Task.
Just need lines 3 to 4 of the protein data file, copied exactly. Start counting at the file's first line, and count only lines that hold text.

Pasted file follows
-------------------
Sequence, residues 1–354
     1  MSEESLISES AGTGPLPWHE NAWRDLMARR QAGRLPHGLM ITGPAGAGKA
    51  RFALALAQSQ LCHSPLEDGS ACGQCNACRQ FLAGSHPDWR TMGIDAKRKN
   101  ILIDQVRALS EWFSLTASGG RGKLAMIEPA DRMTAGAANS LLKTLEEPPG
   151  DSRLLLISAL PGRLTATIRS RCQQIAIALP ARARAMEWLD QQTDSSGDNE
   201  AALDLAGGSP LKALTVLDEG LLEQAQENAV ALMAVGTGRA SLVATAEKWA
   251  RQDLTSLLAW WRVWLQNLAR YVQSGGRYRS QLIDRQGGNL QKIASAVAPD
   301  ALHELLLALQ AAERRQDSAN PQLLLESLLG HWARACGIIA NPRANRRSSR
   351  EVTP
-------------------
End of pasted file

    51  RFALALAQSQ LCHSPLEDGS ACGQCNACRQ FLAGSHPDWR TMGIDAKRKN
   101  ILIDQVRALS EWFSLTASGG RGKLAMIEPA DRMTAGAANS LLKTLEEPPG